Which muzzleloader scope should you use this hunting season?
I think we can probably agree that choosing the best muzzleloader scope can be a difficult task, especially for those who are new to hunting with a muzzleloader.
For one thing, there are so many different muzzleloader scopes on the market that selecting the right one can be overwhelming. Additionally, it can be really tough to cut through some of the marketing speak a lot of companies use to sell their products.
I’ve experienced a lot of that same frustration myself.
Since I first started hunting with a muzzleloader, I’ve tried out several different muzzleloader scopes with varying results. Though I’ve been fortunate enough to have never owned a truly bad scope, I have absolutely owned a few that I would not recommend to other hunters. Luckily, there are several high quality muzzleloader scopes on the market today that are reasonably priced, but still have excellent optics, hold a zero, and track exceptionally well.
In this post, I’m going share my picks of the best muzzleloader scopes for hunters. Now, these muzzleloader scopes won’t make you a better shooter, but they can provide a critical edge when you need it most. This is especially true during low light conditions when many species of big game are most active.
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Now that we’ve got that out of the way, let’s get started.
First introduced in mid-2018, the Nikon ProStaff P3 has made a big splash and many hunters and shooters consider it to be one of the best muzzleloader scopes currently available on the market. Constructed out of aircraft grade aluminum, this scope is durable, but still lightweight (just 15.2 ounces). In addition to being fogproof and waterproof that make the scope suitable for use under a variety of weather conditions, the Nikon ProStaff has multi-coated lenses for superior light transmission. Especially considering very reasonable price of the scope, it has excellent glass that will assist hunters in making accurate shots under low light conditions.
Unlike many other so called “muzzleloader scopes”, the ProStaff P3 is also specifically designed for use on an inline muzzleloader, so it has a generous amount (3.6″) of eye relief, a quick focus eyepiece, a wide field of view, and is durable enough to stand up to the heavy recoil of magnum loads.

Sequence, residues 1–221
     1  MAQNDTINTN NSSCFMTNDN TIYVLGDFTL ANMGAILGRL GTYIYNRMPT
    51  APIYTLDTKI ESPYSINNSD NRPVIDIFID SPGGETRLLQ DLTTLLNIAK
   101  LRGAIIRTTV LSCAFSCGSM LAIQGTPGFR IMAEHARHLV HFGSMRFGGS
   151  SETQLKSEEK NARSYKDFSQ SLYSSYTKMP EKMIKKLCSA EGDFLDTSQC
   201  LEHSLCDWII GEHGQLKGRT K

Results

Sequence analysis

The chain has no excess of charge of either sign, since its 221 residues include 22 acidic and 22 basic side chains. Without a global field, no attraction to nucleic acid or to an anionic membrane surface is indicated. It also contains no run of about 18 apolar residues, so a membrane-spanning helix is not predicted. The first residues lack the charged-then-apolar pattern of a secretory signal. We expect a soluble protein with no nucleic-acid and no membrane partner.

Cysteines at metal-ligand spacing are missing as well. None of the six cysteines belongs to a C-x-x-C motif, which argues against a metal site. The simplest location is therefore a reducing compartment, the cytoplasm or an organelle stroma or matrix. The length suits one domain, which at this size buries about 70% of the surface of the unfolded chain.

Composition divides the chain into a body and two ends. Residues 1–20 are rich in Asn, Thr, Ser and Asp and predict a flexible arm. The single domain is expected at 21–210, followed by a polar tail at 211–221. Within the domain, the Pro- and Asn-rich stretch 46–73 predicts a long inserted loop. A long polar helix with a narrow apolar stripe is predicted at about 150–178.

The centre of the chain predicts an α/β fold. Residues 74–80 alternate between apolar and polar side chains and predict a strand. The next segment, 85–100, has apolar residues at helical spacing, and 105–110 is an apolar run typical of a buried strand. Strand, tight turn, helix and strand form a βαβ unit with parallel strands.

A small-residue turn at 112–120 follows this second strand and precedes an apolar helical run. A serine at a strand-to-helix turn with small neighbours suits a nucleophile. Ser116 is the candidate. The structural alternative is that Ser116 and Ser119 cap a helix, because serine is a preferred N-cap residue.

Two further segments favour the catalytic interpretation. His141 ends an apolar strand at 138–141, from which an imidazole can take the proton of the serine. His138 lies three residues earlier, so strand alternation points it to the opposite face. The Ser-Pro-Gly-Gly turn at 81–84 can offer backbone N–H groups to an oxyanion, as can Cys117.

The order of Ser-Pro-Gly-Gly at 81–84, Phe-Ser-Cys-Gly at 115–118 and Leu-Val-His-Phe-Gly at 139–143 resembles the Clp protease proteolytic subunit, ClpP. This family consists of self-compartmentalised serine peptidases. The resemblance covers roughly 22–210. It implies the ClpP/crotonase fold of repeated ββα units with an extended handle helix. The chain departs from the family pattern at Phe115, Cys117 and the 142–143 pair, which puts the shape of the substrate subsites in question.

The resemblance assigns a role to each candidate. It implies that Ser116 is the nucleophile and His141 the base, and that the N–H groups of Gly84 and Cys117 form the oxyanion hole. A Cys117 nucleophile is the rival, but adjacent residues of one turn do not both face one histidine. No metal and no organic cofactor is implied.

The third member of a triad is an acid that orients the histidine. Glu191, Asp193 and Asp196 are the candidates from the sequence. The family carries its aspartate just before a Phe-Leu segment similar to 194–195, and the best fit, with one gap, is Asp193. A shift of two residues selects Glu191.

Finally, the Nikon ProStaff P3 also incorporates Nikon’s BDC 300 Reticle. In short, this reticle was designed to match the trajectory of inline muzzleloaders and account for bullet drop all the way out to 300 yards. Specifically, the reticle contains the appropriate aiming circles (instead of hash marks) to hit targets at 150, 200, 250, and 300 yards with a 100 yard zero when firing a 250 grain polymer tipped bullet pushed by a 150 grain charge of black powder.
What makes this an even better feature is that there is a ballistic calculator on the Nikon Spot On web site where hunters can get the correct hold over points when using their exact hunting load. This is an incredible tool that has no real competitor right now.
So, not only is Nikon ProStaff P3 an outstanding all around muzzleloader scope, but it also comes with the BDC 300 reticle and Nikon’s Spot On Ballistic Match technology that will help hunters get the best performance out of their scope when shooting at at short, moderate, and long range.
Buy your Nikon ProStaff P3 scope here.
The Muzzle-Loaders Genesis 3-9x40mm scope is one of the best value muzzleloader scopes currently on the market. Just like you’d expect from a good muzzleloader scope, the Muzzle-Loaders Genesis is fog proof, waterproof, and has multi-coated lenses for excellent light transmission.
This scope also has a duplex reticle and comes standard with flip up caps to protect the lenses from the elements when not in use. Finally, the Muzzle-Loaders Genesis scope is also priced very competitively and comes with a lifetime warranty from Muzzle-Loaders.com. Add it all up and you’ve got a great muzzleloader scope that should serve you well for many years of hunting use.
Buy your Muzzle-Loaders Genesis scope here.
The Leupold VX-Freedom UltimateSlam is another outstanding muzzleloader scope. Leupold recently made a bunch of changes to their line of optics and the VX-Freedom replaced the old VX-2 line of scopes. However, this update is a good thing and the VX-Freedom still incorporates the features people loved about the Leupold VX-2 with a few added improvements.